Friday, October 9, 2015

Walking "Humanoid" Robot found on eBay part 3 with 9, 13, and 17 DOF

After not having a lot of success with a more complex robot I went backwards and built a 9 DOF humanoid robot.  Here is a picture of that robot.

Here is the video of him walking.


Up next is the 13 DOF humanoid robot.

Here is his video.


Here is his servo array to make him walk forward.

int walkf[6][6] = {
// 0    1    2    3    4    5
{ 80,  80,  80,  85,  90,  90}, // Left Ankle
{ 90,  80,  70,  70,  70,  80}, // Knee
{ 90,  80,  70,  70,  70,  80}, // Hip
{100, 100, 100,  95,  90,  85}, // Right Ankle
{ 90,  90,  80,  70,  70,  80}, // Knee
{ 90,  90,  80,  70,  70,  80}, // Hip
};

I still cannot get a 17 DOF robot to work very well.  My servos are too weak for the weight! Do not buy the MG995 or MG945 servos except for the arms (or for a 9-13 DOF robot). I have burned some up trying to power the 17DOF robots legs. I am thinking of trying the MG958. Anyone know if that servo has enough power?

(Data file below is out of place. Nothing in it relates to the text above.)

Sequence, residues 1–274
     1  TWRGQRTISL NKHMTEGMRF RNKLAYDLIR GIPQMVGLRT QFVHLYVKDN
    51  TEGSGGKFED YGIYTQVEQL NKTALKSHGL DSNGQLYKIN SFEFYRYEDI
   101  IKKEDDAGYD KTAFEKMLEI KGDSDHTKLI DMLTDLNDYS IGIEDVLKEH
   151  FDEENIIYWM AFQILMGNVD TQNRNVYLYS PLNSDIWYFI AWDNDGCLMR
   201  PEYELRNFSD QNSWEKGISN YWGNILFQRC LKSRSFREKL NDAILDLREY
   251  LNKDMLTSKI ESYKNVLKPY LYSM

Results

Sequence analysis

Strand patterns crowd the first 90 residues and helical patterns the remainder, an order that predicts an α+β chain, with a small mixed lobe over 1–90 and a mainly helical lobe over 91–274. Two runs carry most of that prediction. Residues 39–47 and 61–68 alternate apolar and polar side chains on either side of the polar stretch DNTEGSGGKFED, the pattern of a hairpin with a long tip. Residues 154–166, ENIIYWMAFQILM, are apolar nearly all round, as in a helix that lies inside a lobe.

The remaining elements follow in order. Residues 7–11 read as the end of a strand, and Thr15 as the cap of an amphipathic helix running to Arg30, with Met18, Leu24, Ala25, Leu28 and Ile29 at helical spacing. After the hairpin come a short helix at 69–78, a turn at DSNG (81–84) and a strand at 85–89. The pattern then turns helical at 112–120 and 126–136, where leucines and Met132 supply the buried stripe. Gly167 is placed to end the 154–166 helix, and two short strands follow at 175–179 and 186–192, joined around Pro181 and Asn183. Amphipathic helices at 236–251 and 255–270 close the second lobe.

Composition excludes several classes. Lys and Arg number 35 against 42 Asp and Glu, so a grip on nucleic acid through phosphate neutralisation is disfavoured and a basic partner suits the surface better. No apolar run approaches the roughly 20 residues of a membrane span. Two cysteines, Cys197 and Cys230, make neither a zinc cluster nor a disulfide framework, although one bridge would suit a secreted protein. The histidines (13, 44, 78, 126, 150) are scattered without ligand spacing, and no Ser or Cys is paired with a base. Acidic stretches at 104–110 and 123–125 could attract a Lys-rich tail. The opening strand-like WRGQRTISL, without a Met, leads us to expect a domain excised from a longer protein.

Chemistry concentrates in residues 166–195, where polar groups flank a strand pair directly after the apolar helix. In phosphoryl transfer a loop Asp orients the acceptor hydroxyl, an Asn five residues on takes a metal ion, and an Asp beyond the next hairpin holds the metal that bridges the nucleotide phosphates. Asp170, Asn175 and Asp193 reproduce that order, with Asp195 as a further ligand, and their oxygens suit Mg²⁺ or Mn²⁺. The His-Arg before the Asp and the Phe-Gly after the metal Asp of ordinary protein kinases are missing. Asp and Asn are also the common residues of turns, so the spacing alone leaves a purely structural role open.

Here is some more Information that I have discovered about servos and robots.

Be sure the servo that you buy is not a cheap imitation.  This can be detected by the seller hiding the manufacturer name or misspelling the manufacturer name.  A common example would be “Tower Pro” (real) or “Towerd Pro” (fake).

This is my new rule of thumb for making humanoid, as in 2 legged robots.  The problem is that the more the servos (and their connecting hardware) the more the robot weighs. 

The leg servos of a 5-9 DOF Humanoid robot should handle 100 oz. inches of torque. 
The leg servos of a 10-15 DOF Humanoid robot should handle 150 oz. inches of torque.
The leg servos of a 16-20 DOF Humanoid robot should handle 200 oz. inches of torque.
Here is the video of the 17 DOF humanoid robot.


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